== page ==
IATA, the world airline industry body, plans to introduce a Covid 19 vaccine passport at around this time but Mr Phiphat’s thoughts were closer to home.
He held out the prospect again of some sort of ‘travel bubble’ agreement with China.
Still predicting 10 million visitors in 2021
Despite the bleak outlook in the shorter term, Mr Phiphat still suggests that Thailand could see 10 million tourists in 2021 which is, by far, the most bullish projection from a government official. He suggested that this, in turn, could generate ฿500 billion for the economy.
Earlier in December, Finance Minister Arkhom Termpittayapaisith predicted 8 million arrivals for next year but warned that it would be 2023 before anything like the level of mass tourism that was achieved in 2019 would be seen again in Thailand.
Finance and Economy ministers talk of a newly defined Thai economy less dependent on tourism
The finance minister also emphasised that Thailand must cast a new economic course towards S Curve industries of the future and move away from tourism.
Similar sentiments were expressed last week by Deputy Prime Minister and Energy Minister Supattanapong Punmeechaow who said that Thailand’s economy has been too dependent on tourism and even though it would be stronger than ever by 2022, it would no longer have this vulnerability.
‘It is unacceptable to let Thailand slide back to the period before Covid-19,’ Minister Supattanapong said as he gave a keynote address at the ‘Restart Thailand 2021’ event.
He predicted massive infrastructure investment by the government next year and an emphasis on inward investment to support Thailand’s industrial base in the future.
Caution about a mass vaccination programme, Thailand will not be a ‘guinea pig’ says minister
For those hoping to see the return of mass tourism to Thailand, the big hope next year is a mass vaccination programme in the country.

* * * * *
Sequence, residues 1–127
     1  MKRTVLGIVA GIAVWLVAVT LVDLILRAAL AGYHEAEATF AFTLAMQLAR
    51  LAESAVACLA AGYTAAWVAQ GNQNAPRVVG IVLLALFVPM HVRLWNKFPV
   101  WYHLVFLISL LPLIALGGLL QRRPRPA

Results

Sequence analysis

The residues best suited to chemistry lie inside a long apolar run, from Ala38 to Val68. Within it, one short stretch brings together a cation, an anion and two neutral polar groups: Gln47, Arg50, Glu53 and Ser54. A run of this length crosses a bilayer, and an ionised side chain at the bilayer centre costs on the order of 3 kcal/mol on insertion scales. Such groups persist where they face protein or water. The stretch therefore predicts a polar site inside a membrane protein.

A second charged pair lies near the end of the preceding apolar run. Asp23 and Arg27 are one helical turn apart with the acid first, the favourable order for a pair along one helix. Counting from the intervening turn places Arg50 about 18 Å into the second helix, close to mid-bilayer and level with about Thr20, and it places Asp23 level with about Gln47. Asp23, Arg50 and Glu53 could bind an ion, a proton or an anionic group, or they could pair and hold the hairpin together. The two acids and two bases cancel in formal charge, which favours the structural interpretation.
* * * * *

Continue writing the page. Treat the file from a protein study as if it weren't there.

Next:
However, on Wednesday, even about this, the Minister for Tourism was being cautious.
The Bhumjaithai Party minister said that Thailand would be waiting until after the middle of 2021 to begin its vaccination programme even though a budget had already been provided for.
He said the first doses would be used to inoculate the most vulnerable while, thereafter, the kingdom would be manufacturing its own vaccine which would be free to the population.
‘The Public Health Ministry is quite serious about the decision to wait and see the side effects thoroughly. We don’t have to be a Covid vaccine guinea pig,’ Mr Phiphat explained.
Airlines and hotels hit by virus outbreaks
In the meantime, the threatened second wave of the virus has to be overcome. It has already knocked back what was nascent optimism in the domestic tourism market.
Airlines in Thailand which had begun to report loads of between 75% and 85% for the end of the year, unfortunately, are now seeing flights cancelled and flight loads dipping.
Minister Phiphat confirmed this and said that hotels working with government subsidies had agreed to let tourists who made a booking, cancel and reschedule their holidays for a time between 6 months to a year ahead.
‘We have to be careful as there are too many negative factors’ says Thai Lion Air boss about the outlook
Nuntaporn Komonsittivate, the Commercial Operations Manager with Thai Lion Air, a popular local airline, said the Covid-19 spike from Samut Sakhon in the last week and the further spread of the virus which emerged after the initial outbreak in Chiang Rai caused by returning Thai migrant workers from Myanmar, has spooked the markets.
‘The colder weather this month was favourable for tourism activities, but unfortunately, the string of new cases weakened passenger demand. As of now, the monthly load factor is lingering at 70%, while forward booking is difficult to predict,’ she said. ‘We have to be careful as there are too many negative factors. In addition to the outbreak, international flights are unlikely to return, even repatriation flights, in the near future for our airline.’